Theological liberals also set aside the idea of sin. The door was open to one of the core tenets of modernity, that we can use modernity’s tools — science, technology, commerce, education public or private, etc. — to improve ourselves morally, by our own efforts.

Note the emphasis here. No one has ever claimed we can’t improve ourselves materially. But can any of these instruments improve us as moral agents.

That’s a whole different animal, and the crux of the issue.

“Raze It To the Ground”: The Cartesian Roots of Theological Liberalism.

My takeaway, almost a hundred years after Machen wrote and having stumbled onto this chapter of the larger debate just last weekend: the pivotal philosopher René Descartes (1596 – 1650) set the conditions for the clash of worldviews generally, and for the debate between theological liberals and conservatives — or “fundamentalists” if you prefer as they preferred Christian fundamentals they saw as nonnegotiable.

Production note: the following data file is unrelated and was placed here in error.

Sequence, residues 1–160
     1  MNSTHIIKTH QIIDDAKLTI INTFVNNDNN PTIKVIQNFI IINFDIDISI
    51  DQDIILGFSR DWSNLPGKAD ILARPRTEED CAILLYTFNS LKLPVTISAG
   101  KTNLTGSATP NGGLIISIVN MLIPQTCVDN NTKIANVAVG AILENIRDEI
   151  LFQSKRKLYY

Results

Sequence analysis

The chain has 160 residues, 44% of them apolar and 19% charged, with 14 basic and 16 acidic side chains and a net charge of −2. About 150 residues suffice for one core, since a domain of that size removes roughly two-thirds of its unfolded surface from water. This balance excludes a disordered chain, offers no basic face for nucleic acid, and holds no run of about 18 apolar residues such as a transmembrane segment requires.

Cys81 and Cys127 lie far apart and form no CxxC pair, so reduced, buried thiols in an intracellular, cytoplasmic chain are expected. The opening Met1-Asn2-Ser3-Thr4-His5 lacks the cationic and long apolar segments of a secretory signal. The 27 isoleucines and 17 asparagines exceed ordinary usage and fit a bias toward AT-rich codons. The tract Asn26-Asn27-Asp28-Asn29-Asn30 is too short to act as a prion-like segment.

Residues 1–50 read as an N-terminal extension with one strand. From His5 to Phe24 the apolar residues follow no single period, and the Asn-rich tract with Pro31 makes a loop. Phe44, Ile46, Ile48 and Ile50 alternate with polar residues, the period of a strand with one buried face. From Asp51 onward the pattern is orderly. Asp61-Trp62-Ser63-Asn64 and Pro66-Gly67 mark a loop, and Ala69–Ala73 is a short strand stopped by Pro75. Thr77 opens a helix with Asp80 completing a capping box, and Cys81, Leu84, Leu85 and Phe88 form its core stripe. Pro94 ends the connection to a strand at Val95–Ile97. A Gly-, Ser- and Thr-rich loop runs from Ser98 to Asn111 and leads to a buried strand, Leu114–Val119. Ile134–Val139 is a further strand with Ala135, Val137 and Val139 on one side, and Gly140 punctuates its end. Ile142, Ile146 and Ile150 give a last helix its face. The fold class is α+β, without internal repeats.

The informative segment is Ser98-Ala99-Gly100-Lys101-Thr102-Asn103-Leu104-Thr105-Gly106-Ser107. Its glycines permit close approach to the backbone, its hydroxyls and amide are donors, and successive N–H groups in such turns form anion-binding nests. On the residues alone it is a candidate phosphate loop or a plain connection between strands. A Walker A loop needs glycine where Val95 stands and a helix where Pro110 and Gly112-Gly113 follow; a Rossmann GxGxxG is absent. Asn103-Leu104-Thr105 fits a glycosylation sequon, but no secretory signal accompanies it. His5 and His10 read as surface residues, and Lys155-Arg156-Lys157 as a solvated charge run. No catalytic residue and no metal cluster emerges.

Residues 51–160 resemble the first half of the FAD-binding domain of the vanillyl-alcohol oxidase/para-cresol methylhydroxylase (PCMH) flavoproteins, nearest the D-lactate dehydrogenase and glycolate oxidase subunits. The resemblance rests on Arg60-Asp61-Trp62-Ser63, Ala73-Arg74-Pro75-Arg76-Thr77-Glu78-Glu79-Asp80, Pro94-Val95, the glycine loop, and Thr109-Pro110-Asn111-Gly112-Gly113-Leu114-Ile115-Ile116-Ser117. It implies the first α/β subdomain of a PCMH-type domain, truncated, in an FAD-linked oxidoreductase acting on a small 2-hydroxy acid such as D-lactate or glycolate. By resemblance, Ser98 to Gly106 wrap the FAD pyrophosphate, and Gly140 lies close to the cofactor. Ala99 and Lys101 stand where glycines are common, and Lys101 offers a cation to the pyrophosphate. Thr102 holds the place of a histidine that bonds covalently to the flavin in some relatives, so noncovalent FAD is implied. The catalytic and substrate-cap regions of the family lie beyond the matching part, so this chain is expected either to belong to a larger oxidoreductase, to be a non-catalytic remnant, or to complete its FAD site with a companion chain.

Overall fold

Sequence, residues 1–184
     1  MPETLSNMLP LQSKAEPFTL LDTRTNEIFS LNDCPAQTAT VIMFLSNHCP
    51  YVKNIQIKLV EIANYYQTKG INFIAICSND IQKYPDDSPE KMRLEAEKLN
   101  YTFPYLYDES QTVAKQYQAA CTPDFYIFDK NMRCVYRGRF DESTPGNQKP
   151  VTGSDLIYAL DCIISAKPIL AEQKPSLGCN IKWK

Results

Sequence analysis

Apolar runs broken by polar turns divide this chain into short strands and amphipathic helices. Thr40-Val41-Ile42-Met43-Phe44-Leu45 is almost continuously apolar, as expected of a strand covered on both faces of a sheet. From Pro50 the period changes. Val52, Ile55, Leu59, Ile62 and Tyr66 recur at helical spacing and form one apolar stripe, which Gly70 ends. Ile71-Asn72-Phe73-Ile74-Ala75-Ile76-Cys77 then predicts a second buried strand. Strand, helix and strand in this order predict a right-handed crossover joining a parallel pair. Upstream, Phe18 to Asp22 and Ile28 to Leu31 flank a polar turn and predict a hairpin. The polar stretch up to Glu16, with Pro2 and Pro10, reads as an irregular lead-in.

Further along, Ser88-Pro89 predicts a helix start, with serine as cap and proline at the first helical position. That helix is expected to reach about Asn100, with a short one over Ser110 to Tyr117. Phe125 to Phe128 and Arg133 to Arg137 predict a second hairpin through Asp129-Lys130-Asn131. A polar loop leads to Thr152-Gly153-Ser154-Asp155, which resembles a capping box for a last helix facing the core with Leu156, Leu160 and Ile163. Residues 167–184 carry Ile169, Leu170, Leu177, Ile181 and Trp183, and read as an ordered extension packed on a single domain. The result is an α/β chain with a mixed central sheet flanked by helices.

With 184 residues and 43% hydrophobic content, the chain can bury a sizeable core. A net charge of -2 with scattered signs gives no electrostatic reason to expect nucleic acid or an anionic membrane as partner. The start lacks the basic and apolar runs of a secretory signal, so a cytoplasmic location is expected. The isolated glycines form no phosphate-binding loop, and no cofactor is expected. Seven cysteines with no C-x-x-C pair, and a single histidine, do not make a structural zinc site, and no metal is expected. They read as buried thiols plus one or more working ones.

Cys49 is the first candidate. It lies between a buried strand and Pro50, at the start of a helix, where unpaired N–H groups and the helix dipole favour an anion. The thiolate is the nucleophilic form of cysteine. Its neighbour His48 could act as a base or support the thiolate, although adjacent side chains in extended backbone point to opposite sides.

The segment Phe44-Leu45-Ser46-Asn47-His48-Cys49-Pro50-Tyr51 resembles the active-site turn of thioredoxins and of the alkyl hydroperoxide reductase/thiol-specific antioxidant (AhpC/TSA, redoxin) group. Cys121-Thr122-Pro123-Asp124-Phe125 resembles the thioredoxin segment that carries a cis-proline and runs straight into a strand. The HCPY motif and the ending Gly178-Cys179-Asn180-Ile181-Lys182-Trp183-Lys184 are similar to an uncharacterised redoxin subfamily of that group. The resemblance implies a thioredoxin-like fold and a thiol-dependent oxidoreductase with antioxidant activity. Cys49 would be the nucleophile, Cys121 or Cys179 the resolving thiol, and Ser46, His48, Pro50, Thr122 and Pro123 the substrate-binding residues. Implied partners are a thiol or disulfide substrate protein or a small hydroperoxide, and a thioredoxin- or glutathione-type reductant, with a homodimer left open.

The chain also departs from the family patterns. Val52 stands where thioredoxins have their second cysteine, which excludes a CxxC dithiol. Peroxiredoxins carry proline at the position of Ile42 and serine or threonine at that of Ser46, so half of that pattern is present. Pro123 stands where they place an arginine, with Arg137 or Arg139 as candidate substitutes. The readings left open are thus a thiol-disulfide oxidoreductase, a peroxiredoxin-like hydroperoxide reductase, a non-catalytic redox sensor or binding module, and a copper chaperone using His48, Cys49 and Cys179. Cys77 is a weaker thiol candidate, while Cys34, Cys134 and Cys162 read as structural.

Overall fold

I don’t know whether Machen mentions Descartes and Cartesian philosophy, or Cartesian method. Few theologians or historians of Christianity’s decline in influence see the need for forays into Cartesianism and its legacy. They should.

Descartes, the first voice of French rationalism, believed Western philosophy needed to be started over. Both the advances of the scientific revolution in his time and the discovery of other peoples with very different beliefs during the Age of Exploration seemed to call for a new beginning. We couldn’t be sure of ourselves unless we uncovered an epistemological bedrock of certainty, something immune to doubt by any rational person, anywhere on the planet.

The way to discover such a bedrock, Descartes reasoned, was to methodologically raze his beliefs to the ground: all beliefs about experience, about God, about everything. Find something — a belief or proposition — that was immune to doubt. Start over building on that.

Hence the infamous cogito. “I think; therefore, I am” is the way this is usually rendered, although Descartes never wrote those exact words.